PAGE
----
CHENNAI:As we entered Hanumantha Road — a quaint sub-lane in Royapettah, a 75-year-old house welcomed the city’s cultural buffs for an evening of anecdotes and music of famous temple town of Srirangam. There were oil-lit lamps, a mic-less platform, groups of people seated in the main room, along with several others on the verandah and staircase, while some peeped through the widow to catch a glimpse of the event.
A 60-year-old who sat on the jamakalam on the verandah said, “I feel nostalgic. Those days, we used to gather in a house to listen to old stories once in a week. It used to be lit with oil-lamps and we used to sit around the narrator or wherever found place.”
The event curated by ARTery, a city-based art and cultural portal, in association with Sukrtam Foundations, highlighted the little-known nuggets about Srirangam. Ramanathan N Iyer, founder, ARTery, shared, “We have been doing programmes around the city but we wanted to focus on Thanjavur Periya Koil, Srirangam and Thiruvarur. ”
Madhusudhanan Kalaichelvan, an architect whose interests range from Tamil epigraphy to Araiyar Sevai, narrated, “There are several aspects that make Srirangam special including the processions, the main deity’s consorts, Bramhotsavam and of course, the different prakharas.” The Panguni Utaram festival is the most talked about event and is said to have been celebrated across major cities in the Chera, Chozha and Pandya dynasties. The festival is more like a local holiday and is still celebrated with pomp,”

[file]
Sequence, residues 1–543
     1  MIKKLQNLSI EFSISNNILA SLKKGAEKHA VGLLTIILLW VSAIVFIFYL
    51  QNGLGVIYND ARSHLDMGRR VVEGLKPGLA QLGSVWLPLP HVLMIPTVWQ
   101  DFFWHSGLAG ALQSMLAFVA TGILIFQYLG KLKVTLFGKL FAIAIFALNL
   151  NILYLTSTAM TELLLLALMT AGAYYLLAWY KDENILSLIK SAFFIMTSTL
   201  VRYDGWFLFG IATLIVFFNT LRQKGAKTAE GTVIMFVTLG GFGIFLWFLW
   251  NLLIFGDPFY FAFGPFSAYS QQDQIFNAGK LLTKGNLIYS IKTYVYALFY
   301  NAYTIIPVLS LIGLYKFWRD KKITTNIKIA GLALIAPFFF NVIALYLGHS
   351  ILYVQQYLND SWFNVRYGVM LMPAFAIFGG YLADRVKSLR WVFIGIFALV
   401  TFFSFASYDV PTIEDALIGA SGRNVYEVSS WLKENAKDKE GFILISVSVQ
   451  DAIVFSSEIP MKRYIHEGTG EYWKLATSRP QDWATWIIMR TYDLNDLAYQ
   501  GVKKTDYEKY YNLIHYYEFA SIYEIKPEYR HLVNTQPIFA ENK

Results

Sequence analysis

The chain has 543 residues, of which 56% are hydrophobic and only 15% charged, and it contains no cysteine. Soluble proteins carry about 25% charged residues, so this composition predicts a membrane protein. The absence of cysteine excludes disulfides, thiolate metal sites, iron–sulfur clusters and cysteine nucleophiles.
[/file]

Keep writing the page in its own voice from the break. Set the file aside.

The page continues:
Madhusudhanan shared as Vidushi K Gayathri, singer, rendered an Azhvar composition As pictures of famous Chitrai Veedhi was projected on screen, a septuagenarian smiles, “During the bramhotsavam, the place looks like a painting. Till today, at least two utsavams happen every day — they say that there are utsavams for 330 days in a year. There is mad rush for Aadi Bramhotsavam and Chitirai Thirunal!” he exclaimed.
From talking about the prakaras that make up the temple to vehicles of the main deity – Ranganathar, Madhusudhanan explained, “Killi koondu is one famous vaahanam of Ranganatha and the Thandha Kursi (chair) was extremely famous, but it doesn’t exist anymore.”
As the lecture-concert took the audience on a virtual tour around the prakaras a young spectator added, “There need to be more such talks about temple architecture and history. It’s interesting and more young people need to take part in it. My favourite part of the talk was about ‘Thulluka Nachaiyar’… Ranganathas Muslim consort. Though historians say otherwise, and don’t agree to the records of the temple, it’s interesting to see that an inter-religion bond seemed more acceptable back then.”